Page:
Borneo is the world’s third largest island, divided among Malaysia, Indonesia and Brunei. It's a heavenly retreat for people looking to get away from the city life; packed with cultures, beaches, rainforests and mountains. The best part of a trip Borneo can't be found in your hotel room, but outside where nature's at its finest. Here are four things to do in Borneo that will get the heart pumping and show you the best of Borneo.
1. Climb Mount Kinabalu
Although climbing a mountain might not appeal to everyone, you should make an exception for Kinabalu. At 4095 metres it is relatively easy to climb. At the top you'll be rewarded with incredible views, a magnificent sunrise and at night - a starry sky you could almost reach out and touch. It is the tallest mountain in Malaysia and the 20th tallest in the world. Many people climb Kinabalu to see its miraculous biodiversity and unique and exotic species, especially orchids and pitcher plants.<
The mountain is the central piece of the Kinabalu National Park, a World Heritage Site located about an hour’s drive from Kota Kinabalu. The park's most famous attraction is the Rafflesia plant, which grows the world’s largest flowers. These fleshy, smelly, bright red flowers sprout on the ground and only last facouple of days before wilting. And then they smell even worse than the rotting flesh scent normally attributed to them. Although they sound hard to miss, they're actually quite rare and you'll only stumble across one if you're very lucky.
2. Dive in Sipadan Island
Sipadan Island is one of the best diving spots in the world with sightings of turtles, sharks, rays and other big marine creatures almost guaranteed. There are over 500 species of coral and 3000 species of fish identified to date. From the air, Sipadan is a circle of green forest surrounded by an apron of reef about six times the size of the island itself. Anemones grow thick on the sunny sides of the reef so there is plenty of colour.
Mention the name Sipadan in front of any scuba diver and their eyes will instantly glass over. The snorkelling and diving opportunities here are simply unmatched anywhere in the world, thanks to rich marine habitat. It's also one of the best places in the world to swim with turtles. Barracudas gather in hoards at Barracuda Point, like a sand storm of fish. Trevelly, snapper and reef shark are well represented and the bumphead parrotfish are more than just a funny name!
3. Jungle trekking and bird spotting at Danum Valley
If you have always dreamed of trekking through a tropical rainforest, this is one place you can't miss. The 400-year old trees grow to heights of a ridiculous 60 metres, and wildlife is readily spotted. Containing around 44,000 hectares of Primary Dipterocarp forest, the Danum Valley Conservation Area is a small part of over 1,000,000 hectares of protected forest in Borneo. Knowledgable leaders know where to find the birds you want, such as blue-banded and blue-headed pitta, the Bornean sub-species of banded pitta, Bornean ground cuckoo and the magnificent endemic Borneo bristlehead. Night walks and drives add to the experience with potential sightings of palm civets, Sambar deer, owls and perhaps a western tarsier.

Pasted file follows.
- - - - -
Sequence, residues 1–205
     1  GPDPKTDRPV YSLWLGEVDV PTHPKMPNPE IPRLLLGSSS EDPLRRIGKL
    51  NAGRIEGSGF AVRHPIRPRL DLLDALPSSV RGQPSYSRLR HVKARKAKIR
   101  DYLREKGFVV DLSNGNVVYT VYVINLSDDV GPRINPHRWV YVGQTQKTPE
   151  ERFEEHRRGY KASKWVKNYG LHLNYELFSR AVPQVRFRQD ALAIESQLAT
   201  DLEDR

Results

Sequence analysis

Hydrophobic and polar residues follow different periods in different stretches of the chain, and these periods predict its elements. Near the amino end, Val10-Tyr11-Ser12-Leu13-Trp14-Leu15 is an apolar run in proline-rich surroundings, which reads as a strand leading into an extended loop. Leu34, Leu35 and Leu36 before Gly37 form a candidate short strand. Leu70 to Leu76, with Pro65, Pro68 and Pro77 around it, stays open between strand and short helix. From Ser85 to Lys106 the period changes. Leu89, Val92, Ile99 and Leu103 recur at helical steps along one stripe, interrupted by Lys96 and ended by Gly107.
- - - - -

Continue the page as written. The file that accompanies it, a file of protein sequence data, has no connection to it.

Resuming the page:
4. See orangutans at Sepilok Orangutan Rehabilitation Centre (SORC)
SORC is the largest and oldest orangutan rehabilitation centre in the world. It offers volunteers the chance to help rehabilitate injured, sick and orphaned orangutans and release them back into the wild. Day visitors can see the animals in the day release program and visit for a meal. So if you you can't make a full-time commitment you can still meet with these intelligent, and funny creatures. SORC doesn't only educate the orangutans to survive, you're guaranteed to leave with a renewed respect for animals and the world that we live in.
The program is very popular with volunteers, with an average of 800 tourists a day passing throuh the gates. People come from all over the world to donate their time and energy to these amazing, rare creatures in their natural habitats in the shrinking rainforests of Borneo. It’s a careful process where at first the animals are let out for only a few hours a day. They are then allowed to roam and come back for food if they need to before they’re finally captured and moved away from the centre into the wild.